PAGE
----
Congolese rhythm guitarist Lokassa ya Mbongo has died, his long-time friend and fellow guitarist Ngouma Lokito has said.
Lokassa, who was 77, died on Tuesday night at a hospital in Nashua in New Hampishire, US, where he had been living since 1996.
Late last month, fellow guitarist Dally Kimoko told the BBC that Lokassa’s health was fragile as he was battling diabetes and complications from a mild stroke he suffered in 2020.
Born Denis Kasiya Lokassa in 1946, the rhythm guitarist, arranger and composer was one of the founders of Soukous Stars alongside fellow guitarists Ngouma Lokito (bass) and Dally Kimoko (lead), and vocalists Yondo Sister, Ballou Canta, Neil Zitany and Shimita.
The band, formed in Paris in 1989, battled for attention during the Soukous explosion of the 1990s with Aurlus Mabele’s Loketo.
Lokassa is reputed for hits such as Bonne Annee, Monica, and Marie-Josse as well as medleys Lagos Night and Nairobi Night – songs that he punctuated with his layered rhythm textures around which Dally Kimoko’s lead hits the octane.
Lokassa, who did not sing, started playing professionally rather late compared to most Congolese musicians of the time. His family refused to let him play music, which was then considered a basement undertaking.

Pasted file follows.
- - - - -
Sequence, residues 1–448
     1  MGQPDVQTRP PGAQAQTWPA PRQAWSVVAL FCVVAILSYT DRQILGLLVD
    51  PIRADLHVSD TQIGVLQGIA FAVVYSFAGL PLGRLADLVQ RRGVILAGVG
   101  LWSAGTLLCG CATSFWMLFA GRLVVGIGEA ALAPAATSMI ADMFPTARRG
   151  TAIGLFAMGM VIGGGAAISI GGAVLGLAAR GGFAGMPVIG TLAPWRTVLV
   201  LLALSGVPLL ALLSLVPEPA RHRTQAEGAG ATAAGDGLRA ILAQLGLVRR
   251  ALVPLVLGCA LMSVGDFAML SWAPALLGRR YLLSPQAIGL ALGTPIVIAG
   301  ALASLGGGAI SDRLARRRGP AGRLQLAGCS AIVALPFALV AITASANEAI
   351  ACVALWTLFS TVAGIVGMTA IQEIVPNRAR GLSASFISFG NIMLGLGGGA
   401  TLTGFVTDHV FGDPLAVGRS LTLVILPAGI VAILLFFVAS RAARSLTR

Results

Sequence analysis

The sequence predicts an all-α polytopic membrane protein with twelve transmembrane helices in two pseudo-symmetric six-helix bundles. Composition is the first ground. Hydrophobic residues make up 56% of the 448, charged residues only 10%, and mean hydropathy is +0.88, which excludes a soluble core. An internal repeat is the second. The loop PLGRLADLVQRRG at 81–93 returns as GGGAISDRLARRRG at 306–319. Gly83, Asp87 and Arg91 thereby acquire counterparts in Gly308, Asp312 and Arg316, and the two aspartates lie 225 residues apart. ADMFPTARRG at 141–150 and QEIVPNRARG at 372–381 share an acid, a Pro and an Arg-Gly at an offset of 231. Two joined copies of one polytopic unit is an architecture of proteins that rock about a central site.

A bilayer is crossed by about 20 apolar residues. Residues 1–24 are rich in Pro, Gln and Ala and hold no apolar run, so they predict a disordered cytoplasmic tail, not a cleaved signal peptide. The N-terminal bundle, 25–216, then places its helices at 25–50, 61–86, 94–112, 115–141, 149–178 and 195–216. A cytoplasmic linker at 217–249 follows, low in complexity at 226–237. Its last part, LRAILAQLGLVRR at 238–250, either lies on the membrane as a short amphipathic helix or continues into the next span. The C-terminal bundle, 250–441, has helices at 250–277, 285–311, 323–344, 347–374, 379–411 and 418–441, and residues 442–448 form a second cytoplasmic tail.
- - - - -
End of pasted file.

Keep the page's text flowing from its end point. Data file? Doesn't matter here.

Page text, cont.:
He was 22 in 1968 when he joined Tabu Ley Rochereau’s then African Fiesta Nationale, where he spent 10 years in near obscurity alongside more prominent guitarists such as Attel Mbumba, Mavatiku Visi, and Dino Vangu.
Growing frustrated with himself, Lokassa lost patience and in 1978 broke loose from Tabu Ley during a tour of West Africa.
Alongside guitarist Dizzy Mandjeku and drummer Ringo Moya, he teamed up with singer Sam Mangwana in Abidjan, Ivory Coast, to form the African All Stars.
The group’s hit, Suzana Coulibaly, brought out the best in Lokassa with his guitar eruptions coming to full effect in the faster tempo.
West Africa was the getaway to Paris. Having already worked with prominent producers such as Ibrahim Sylla, Lokassa found his way to Paris in 1984 – as a “sans-papiers” (someone with no proper travel documents).
With no residence card, Lokassa was unable to tour or make recording dates outside France.
“I was stuck in Paris. It was really very, very difficult. People needed for me to come to the United States, other continents, even to other countries in Africa. But people couldn’t see me because I didn’t have papers,” Lokassa told James Winders, author of Paris Africain, Rhythms of the African Diaspora.
But everything changed in 1989 when Ngouma Lokito rang him up and suggested his “big brother” put together a group to help them emerge from the status of session performers.
Lokassa worked the phones and Soukous Stars was born later that year.